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Idaho awarded $480,000 to increase seat belt use

Idaho will receive nearly a half-million dollars from the U.S. Department of Transportation and the National Highway Traffic Safety Administration (NHTSA) under a new grant program to increase safety belt use.

Seat belt use among Idahoans reached an all-time high in 2003, largely through concerted efforts of the Idaho Legislature, U.S. DOT and the Idaho Transportation Department’s Office of Highway Safety (OHS). An estimated 72 percent of Idahoans buckle their belts, up by 9 percent from the previous year. That translates into fewer lives lost in car crashes.

Seat belt use in passenger cars increased to 77 percent, while 76 percent of the passengers in vans and sport utility vehicles were buckled up. Crashes claimed 216 lives in 2002, according to the OHS. Roughly half of the 135 victims who were not properly restrained likely would have survived if they had been wearing seat belts.

Idaho lawmakers doubled the fine in 2003 for not wearing a seat belt and not ensuring compliance by all occupants in their vehicles.

U.S. DOT Secretary Norman Y. Mineta announced Thursday that 47 states, the District of Columbia and Puerto Rico will share $36.4 million in NHTSA grants for states that develop innovative projects to increase safety belt use.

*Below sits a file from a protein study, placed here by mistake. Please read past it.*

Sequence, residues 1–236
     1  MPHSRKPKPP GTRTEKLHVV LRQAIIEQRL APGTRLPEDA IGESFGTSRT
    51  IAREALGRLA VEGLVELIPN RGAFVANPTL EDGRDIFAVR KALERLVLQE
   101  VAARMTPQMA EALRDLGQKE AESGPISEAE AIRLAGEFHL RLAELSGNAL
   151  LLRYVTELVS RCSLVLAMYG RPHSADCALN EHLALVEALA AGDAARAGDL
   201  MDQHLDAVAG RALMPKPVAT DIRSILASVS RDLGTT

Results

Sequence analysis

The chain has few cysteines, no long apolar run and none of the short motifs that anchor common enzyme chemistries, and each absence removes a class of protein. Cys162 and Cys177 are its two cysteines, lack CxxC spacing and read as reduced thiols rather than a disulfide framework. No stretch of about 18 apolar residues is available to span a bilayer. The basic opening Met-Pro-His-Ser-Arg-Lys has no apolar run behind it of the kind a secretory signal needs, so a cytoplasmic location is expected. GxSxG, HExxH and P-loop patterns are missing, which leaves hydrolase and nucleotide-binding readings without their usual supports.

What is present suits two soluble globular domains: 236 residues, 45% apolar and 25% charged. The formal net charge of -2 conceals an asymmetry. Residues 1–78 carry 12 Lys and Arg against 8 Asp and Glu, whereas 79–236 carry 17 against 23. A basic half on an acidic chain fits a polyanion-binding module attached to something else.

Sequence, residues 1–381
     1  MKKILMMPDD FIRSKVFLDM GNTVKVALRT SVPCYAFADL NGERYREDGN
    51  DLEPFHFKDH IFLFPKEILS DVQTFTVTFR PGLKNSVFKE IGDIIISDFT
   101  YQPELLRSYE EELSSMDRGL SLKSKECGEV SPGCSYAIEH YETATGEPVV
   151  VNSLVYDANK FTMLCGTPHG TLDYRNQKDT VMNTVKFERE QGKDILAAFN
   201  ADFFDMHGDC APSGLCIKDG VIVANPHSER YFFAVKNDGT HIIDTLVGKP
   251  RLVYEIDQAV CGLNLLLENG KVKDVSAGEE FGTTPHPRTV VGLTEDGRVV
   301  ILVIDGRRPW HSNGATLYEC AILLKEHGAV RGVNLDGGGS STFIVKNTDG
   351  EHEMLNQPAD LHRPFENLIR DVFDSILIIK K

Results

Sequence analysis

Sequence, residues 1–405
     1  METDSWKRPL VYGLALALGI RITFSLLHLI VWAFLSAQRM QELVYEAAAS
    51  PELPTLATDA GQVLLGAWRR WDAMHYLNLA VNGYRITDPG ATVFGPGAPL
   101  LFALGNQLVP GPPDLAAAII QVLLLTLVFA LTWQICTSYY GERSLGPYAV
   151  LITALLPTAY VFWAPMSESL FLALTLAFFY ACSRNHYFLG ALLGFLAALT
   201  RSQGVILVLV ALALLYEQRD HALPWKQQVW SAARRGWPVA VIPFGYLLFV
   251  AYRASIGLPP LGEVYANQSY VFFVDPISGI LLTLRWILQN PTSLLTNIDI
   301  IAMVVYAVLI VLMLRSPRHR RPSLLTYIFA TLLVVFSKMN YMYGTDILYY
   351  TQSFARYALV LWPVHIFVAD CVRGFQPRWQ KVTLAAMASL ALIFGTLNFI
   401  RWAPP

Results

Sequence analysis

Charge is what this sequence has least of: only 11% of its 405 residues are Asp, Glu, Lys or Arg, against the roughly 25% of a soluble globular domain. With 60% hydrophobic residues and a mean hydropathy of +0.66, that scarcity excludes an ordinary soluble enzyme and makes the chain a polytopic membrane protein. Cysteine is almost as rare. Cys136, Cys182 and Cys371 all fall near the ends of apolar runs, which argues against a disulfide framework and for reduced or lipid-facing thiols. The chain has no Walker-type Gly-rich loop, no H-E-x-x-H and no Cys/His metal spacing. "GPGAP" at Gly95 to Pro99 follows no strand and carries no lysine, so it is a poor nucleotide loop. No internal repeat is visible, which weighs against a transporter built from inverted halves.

“Safety belts are the most effective safety device in a car. They prevent people from getting killed in crashes,” Mineta said. “These grants provide incentives to states to enact and enforce laws that promote use and educate people about the effectiveness of safety belts.”

Mineta said that safety belts also save money. Injuries to unbuckled occupants cost this country roughly $18 billion each year in medical care and lost productivity.

According to NHTSA, safety belts are the most effective safety device in vehicles, and their increasing use has saved more than 164,750 lives since 1975. In 2003, safety belt use in the United States reached an all-time high of 79 percent, in part because of high visibility enforcement programs funded by NHTSA.

The latest grant program seeks to encourage new approaches to further increase safety belt use, with a major focus on high visibility enforcement of safety belt laws, coupled with public information and education.

In addition to the $36.4 million, Congress has directed the department to use $10 million in grant funds to purchase advertising to air during safety belt enforcement mobilization campaigns.

“Safety belt use can prevent injury and death. We know that enforcement of belt laws that is advertised and highly visible increases belt use,” said NHTSA Administrator Jeffrey W. Runge, M.D.

The innovative project grants were awarded competitively. All 50 states, the District of Columbia and Puerto Rico were eligible to apply. New Hampshire, South Dakota and Wyoming did not apply for the grants. The amounts for individual state fiscal year 2004 grants range from $250,000 to more than $3.4 million.

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